Sonoma County supervisors make housing key priority

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Sonoma County supervisors are eying rent control, just-cause eviction policies and land-use reforms to increase affordable housing as key components of a broad and ambitious new plan to address the county’s housing crisis.

Supervisors unveiled the plan in an outline of their top policy priorities for the year, with action on county’s steadily tighter housing crunch foremost on the list.

Board members voiced support for moves certain to generate controversy, including stronger protections for tenants and development of new housing, both within and outside city limits. The measures are seen as possible ways to keep people in their homes and stave off steeper rent increases that are pricing out the lowest-income residents.

“This crisis has elevated, and we can’t afford to ignore it anymore,” Board of Supervisors Chairman Efren Carrillo said. “It’s being felt by just about everyone in this county, and it’s affecting our schools, our health care system and our workforce.”

The discussion comes on the heels of similar initiatives taken up in Santa Rosa and Healdsburg in recent months. The housing plan was put forward as part of a larger blueprint for the Board of Supervisors’ policy goals and spending priorities for this year.

Other priorities discussed Tuesday include advancing a countywide universal preschool program, increasing access to mental health services, developing new rules on marijuana cultivation, improving water quality in the Russian River, reducing long-term pension liabilities and completing the annexation of Roseland by the city of Santa Rosa.

Supervisors staked out potential tenant protections and housing initiatives as a response to the rising cost of living in Sonoma County — rents have gone up 40 percent in the past four years, and the rental vacancy rate is hovering around 1 percent.

First up for preliminary consideration next month likely will be the most disputed options, including rent control, new rules governing landlords’ ability to evict tenants and moves to address health and safety problems with substandard housing.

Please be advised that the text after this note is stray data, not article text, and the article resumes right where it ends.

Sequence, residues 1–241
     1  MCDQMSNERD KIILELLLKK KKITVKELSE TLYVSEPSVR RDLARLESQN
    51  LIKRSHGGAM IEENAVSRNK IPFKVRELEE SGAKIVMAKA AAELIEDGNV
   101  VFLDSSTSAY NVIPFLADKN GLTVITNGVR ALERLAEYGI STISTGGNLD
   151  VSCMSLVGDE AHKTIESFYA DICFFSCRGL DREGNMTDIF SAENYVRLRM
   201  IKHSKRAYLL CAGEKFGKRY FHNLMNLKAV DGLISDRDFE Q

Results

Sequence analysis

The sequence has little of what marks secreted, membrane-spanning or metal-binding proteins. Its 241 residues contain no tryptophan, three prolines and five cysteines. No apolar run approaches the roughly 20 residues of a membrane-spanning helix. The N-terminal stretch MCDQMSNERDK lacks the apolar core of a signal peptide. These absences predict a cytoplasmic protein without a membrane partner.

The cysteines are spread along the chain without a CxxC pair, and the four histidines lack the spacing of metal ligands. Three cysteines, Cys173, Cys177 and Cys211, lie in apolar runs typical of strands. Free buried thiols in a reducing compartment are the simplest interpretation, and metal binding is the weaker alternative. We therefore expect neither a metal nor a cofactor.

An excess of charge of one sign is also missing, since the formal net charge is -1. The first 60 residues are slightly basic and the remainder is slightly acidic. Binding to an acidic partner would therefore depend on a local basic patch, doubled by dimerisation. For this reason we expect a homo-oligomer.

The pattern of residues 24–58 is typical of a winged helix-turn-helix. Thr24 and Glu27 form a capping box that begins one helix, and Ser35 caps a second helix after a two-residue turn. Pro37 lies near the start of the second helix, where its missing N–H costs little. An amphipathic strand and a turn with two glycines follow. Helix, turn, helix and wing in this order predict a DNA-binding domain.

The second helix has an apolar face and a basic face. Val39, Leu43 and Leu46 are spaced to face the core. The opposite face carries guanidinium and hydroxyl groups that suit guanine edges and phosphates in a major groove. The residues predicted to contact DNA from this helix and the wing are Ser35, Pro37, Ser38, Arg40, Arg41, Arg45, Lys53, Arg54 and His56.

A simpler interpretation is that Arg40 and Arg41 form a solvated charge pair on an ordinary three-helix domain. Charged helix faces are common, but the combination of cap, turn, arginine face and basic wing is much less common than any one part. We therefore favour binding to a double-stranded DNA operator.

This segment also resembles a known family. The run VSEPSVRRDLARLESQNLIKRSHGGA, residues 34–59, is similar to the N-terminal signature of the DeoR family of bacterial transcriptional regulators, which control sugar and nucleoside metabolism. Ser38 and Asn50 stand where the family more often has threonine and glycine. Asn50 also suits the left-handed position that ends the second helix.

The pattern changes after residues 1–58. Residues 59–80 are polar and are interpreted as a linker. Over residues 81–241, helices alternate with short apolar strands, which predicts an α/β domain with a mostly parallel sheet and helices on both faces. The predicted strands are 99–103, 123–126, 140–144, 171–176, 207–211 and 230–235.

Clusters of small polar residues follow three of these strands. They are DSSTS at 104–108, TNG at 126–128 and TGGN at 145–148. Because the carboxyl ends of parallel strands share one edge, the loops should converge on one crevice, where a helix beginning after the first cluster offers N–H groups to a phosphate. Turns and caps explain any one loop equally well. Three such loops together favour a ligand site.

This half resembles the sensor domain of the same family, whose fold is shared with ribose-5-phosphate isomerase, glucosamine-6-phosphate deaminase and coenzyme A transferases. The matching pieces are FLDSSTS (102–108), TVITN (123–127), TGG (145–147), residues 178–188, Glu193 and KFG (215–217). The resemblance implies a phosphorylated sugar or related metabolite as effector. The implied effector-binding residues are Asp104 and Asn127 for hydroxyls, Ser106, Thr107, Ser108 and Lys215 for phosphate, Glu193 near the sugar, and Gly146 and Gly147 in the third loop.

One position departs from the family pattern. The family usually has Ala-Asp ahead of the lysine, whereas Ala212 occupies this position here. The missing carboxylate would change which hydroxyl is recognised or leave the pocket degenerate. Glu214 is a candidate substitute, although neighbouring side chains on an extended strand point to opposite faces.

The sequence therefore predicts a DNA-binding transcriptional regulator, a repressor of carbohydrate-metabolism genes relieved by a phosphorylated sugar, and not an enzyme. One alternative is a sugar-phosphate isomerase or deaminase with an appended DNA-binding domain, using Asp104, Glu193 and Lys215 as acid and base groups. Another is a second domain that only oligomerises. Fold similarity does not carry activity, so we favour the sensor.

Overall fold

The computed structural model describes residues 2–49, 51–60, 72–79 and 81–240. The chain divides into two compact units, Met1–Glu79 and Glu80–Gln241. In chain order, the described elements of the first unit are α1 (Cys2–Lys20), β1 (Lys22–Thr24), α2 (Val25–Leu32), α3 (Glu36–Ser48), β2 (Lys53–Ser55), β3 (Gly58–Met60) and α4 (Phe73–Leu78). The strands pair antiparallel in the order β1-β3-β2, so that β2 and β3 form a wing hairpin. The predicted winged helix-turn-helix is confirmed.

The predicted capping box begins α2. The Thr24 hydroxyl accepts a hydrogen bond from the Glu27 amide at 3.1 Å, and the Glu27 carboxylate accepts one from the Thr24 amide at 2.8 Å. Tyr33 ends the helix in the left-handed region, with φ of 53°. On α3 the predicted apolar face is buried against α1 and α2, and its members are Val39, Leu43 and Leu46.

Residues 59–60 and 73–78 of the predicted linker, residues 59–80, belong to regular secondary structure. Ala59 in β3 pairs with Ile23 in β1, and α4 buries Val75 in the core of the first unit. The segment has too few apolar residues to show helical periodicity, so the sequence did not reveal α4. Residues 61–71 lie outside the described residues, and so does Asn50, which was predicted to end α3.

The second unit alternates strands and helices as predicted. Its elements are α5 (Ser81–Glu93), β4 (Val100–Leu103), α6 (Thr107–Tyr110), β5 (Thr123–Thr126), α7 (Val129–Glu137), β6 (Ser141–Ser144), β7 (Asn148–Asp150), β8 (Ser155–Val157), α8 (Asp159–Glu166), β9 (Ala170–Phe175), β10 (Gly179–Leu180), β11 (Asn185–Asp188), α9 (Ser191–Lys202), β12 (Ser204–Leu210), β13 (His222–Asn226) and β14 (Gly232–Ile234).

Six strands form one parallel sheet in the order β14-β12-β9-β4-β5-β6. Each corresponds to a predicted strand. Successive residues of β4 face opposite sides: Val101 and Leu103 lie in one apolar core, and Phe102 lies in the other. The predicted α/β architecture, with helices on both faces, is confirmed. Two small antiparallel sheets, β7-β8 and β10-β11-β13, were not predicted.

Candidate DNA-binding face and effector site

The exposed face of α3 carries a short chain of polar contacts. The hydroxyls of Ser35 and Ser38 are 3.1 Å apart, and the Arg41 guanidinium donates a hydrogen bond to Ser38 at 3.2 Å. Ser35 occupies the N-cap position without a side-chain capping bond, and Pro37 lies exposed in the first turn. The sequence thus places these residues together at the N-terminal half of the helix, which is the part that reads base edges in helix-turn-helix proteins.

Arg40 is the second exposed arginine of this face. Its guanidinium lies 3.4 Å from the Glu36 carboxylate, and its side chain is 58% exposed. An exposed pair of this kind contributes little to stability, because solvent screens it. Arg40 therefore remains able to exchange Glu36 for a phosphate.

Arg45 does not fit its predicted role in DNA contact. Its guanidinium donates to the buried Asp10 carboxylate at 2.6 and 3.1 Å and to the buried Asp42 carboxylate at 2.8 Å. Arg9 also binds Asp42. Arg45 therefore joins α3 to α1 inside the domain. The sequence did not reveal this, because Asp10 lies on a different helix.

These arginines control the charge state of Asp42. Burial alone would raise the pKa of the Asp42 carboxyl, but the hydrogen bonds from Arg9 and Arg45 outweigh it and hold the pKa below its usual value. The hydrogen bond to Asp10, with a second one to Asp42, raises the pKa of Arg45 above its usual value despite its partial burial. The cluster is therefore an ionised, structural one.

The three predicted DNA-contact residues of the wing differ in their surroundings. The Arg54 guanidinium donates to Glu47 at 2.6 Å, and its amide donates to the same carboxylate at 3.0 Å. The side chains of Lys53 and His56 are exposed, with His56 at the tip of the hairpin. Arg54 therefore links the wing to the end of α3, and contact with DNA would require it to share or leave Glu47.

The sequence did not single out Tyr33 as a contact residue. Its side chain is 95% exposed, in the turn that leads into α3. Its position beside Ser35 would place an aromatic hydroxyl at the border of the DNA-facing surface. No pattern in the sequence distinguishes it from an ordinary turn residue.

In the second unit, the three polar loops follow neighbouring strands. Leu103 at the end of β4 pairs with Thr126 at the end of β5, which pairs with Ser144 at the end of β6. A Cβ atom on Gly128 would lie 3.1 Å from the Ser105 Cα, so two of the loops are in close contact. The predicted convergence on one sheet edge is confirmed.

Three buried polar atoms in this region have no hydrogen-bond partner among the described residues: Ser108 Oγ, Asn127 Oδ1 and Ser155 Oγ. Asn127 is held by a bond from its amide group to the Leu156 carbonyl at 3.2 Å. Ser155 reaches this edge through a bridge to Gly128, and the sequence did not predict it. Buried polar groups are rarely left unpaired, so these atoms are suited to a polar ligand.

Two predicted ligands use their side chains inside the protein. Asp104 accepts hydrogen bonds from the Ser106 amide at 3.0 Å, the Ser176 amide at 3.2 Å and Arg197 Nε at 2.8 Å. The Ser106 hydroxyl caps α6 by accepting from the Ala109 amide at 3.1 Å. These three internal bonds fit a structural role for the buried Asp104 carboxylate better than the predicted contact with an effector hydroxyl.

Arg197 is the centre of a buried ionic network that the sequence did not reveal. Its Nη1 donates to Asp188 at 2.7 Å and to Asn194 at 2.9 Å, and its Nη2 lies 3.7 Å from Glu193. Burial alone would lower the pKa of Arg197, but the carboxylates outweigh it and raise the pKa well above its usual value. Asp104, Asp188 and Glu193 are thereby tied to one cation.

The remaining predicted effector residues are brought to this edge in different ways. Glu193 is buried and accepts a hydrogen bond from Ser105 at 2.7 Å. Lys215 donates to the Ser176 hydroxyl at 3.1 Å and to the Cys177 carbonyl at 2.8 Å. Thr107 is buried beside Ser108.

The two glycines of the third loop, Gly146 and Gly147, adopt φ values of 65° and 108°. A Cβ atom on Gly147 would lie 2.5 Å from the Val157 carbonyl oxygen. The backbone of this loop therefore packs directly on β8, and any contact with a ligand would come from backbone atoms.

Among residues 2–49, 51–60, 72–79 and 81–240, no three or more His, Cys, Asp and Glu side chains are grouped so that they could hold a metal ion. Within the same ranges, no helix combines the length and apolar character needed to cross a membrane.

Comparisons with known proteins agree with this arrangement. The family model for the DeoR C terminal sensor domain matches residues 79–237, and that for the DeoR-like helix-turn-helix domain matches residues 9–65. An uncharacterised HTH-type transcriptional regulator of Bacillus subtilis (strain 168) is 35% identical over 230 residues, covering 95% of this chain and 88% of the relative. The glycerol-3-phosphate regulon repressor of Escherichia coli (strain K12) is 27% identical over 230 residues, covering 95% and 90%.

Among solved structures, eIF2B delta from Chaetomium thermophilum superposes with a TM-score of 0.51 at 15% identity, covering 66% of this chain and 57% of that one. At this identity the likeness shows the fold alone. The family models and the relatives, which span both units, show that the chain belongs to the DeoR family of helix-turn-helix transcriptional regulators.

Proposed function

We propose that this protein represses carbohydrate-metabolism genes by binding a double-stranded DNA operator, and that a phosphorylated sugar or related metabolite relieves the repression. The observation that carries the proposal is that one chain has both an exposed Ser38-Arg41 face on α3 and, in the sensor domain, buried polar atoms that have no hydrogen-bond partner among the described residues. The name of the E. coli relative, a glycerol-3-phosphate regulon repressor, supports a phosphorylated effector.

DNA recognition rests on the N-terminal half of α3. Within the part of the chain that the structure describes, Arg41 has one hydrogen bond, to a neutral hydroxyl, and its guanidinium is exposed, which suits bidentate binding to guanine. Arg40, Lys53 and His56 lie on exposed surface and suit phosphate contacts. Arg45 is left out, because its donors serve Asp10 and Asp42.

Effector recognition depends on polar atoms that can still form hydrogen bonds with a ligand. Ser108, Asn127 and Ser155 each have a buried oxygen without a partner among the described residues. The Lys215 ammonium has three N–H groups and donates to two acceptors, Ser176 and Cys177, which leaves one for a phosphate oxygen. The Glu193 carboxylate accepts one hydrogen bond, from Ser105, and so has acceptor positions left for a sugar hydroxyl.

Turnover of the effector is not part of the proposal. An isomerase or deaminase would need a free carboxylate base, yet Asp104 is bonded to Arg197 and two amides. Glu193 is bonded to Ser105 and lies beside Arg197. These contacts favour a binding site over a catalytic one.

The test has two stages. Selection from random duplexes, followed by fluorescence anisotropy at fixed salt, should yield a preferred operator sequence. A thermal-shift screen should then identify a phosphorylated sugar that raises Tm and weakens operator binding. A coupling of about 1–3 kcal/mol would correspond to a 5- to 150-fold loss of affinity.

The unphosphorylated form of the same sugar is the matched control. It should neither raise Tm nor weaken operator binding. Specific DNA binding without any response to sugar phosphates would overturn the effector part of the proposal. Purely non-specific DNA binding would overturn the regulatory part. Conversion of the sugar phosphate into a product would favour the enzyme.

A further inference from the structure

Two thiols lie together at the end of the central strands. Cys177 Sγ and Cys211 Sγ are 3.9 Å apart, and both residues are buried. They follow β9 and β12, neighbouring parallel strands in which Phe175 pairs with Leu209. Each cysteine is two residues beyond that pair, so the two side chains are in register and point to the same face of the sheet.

“We know that maintaining our housing stock is one of the best ways to preserve affordable housing,” Supervisor Susan Gorin said. “It’s not OK to just evict people and say, ‘You’re on your own.’ ”

Also up for discussion this spring is the potential use of surplus county-owned property for housing development, easing zoning restrictions to allow higher-density housing outside city boundaries or in some cases, requiring construction of dense housing in new development proposals.

Achieving the county’s affordable housing goals would cost $11 million over the next four years, officials said. No figures were given on how many affordable units the plan would create or preserve.

Though supervisors identified housing, universal preschool and other goals as priorities last year, this year’s strategy appears to identify new ways to pay for the initiatives and increase financial reserves.

For example, County Administrator Veronica Ferguson is recommending a hiring freeze of at least a year following a new 28-month contract negotiated with the Service Employees’ International Union Local 1021, which represents more than half the county’s 4,100 workforce.

Supervisors also are set to consider issuing general obligation bonds or going to voters for potential tax increases. Options include a quarter-cent sales tax measure and raising hotel bed taxes 3 percent. Revenues could be dedicated to a wide range of services, including affordable housing, public safety and other programs. Absent from that discussion Tuesday was additional spending on county roads, which were the subject of a failed tax increase put before voters last year.

A quarter-cent sales tax increase would generate $20 million per year, and a 3 percent increase in transient occupancy taxes would generate $3 million annually, county officials said.

“It does make sense to look at presenting voters with expanded (Transient Occupancy Tax),” Gorin said. “It’s probably time … to move it to the ballot, hopefully in November.”

Supervisor James Gore, whose north county district includes many lodging businesses and tourism-oriented destinations, voiced support for a look at a hotel-bed tax increase.

“There’s a lot of our constituents and residents who feel the impacts of tourism and pay for those impacts with their own taxes,” Gore said.

Supervisors on Tuesday approved a tentative work plan to take up other high-profile issues this year, including new potential limits on winery development, implementing a tobacco retail license that would raise the cost for a pack of cigarettes to a minimum of $7, putting renewal of community separators — protected greenbelts between cities — on the November ballot and addressing needs for patients displaced by the planned closure of the Sonoma Developmental Center in 2018.

You can reach Staff Writer Angela Hart at 526-8503 or angela.hart@pressdemocrat.com. On Twitter @ahartreports.

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